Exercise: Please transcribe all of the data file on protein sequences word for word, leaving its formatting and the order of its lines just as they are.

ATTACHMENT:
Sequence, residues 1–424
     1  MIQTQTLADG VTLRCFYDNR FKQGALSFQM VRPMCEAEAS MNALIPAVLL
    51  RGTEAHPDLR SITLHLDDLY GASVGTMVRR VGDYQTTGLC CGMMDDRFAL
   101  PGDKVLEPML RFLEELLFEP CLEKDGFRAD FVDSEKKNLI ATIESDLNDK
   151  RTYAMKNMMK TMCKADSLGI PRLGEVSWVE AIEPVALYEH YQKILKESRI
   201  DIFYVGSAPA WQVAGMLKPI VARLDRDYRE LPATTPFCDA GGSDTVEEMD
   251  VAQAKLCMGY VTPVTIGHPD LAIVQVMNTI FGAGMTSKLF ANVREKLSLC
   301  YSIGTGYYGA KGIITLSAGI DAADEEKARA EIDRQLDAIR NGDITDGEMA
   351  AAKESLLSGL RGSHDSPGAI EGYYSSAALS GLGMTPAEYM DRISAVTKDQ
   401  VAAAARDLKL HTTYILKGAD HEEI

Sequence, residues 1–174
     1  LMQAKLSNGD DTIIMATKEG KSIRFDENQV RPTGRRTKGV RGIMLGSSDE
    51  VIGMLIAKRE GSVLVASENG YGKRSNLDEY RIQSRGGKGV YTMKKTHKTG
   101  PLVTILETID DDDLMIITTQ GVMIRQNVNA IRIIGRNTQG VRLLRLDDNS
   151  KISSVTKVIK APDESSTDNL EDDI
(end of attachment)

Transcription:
Sequence, residues 1–424
     1  MIQTQTLADG VTLRCFYDNR FKQGALSFQM VRPMCEAEAS MNALIPAVLL
    51  RGTEAHPDLR SITLHLDDLY GASVGTMVRR VGDYQTTGLC CGMMDDRFAL
   101  PGDKVLEPML RFLEELLFEP CLEKDGFRAD FVDSEKKNLI ATIESDLNDK
   151  RTYAMKNMMK TMCKADSLGI PRLGEVSWVE AIEPVALYEH YQKILKESRI
   201  DIFYVGSAPA WQVAGMLKPI VARLDRDYRE LPATTPFCDA GGSDTVEEMD
   251  VAQAKLCMGY VTPVTIGHPD LAIVQVMNTI FGAGMTSKLF ANVREKLSLC
   301  YSIGTGYYGA KGIITLSAGI DAADEEKARA EIDRQLDAIR NGDITDGEMA
   351  AAKESLLSGL RGSHDSPGAI EGYYSSAALS GLGMTPAEYM DRISAVTKDQ
   401  VAAAARDLKL HTTYILKGAD HEEI

Sequence, residues 1–174
     1  LMQAKLSNGD DTIIMATKEG KSIRFDENQV RPTGRRTKGV RGIMLGSSDE
    51  VIGMLIAKRE GSVLVASENG YGKRSNLDEY RIQSRGGKGV YTMKKTHKTG
   101  PLVTILETID DDDLMIITTQ GVMIRQNVNA IRIIGRNTQG VRLLRLDDNS
   151  KISSVTKVIK APDESSTDNL EDDI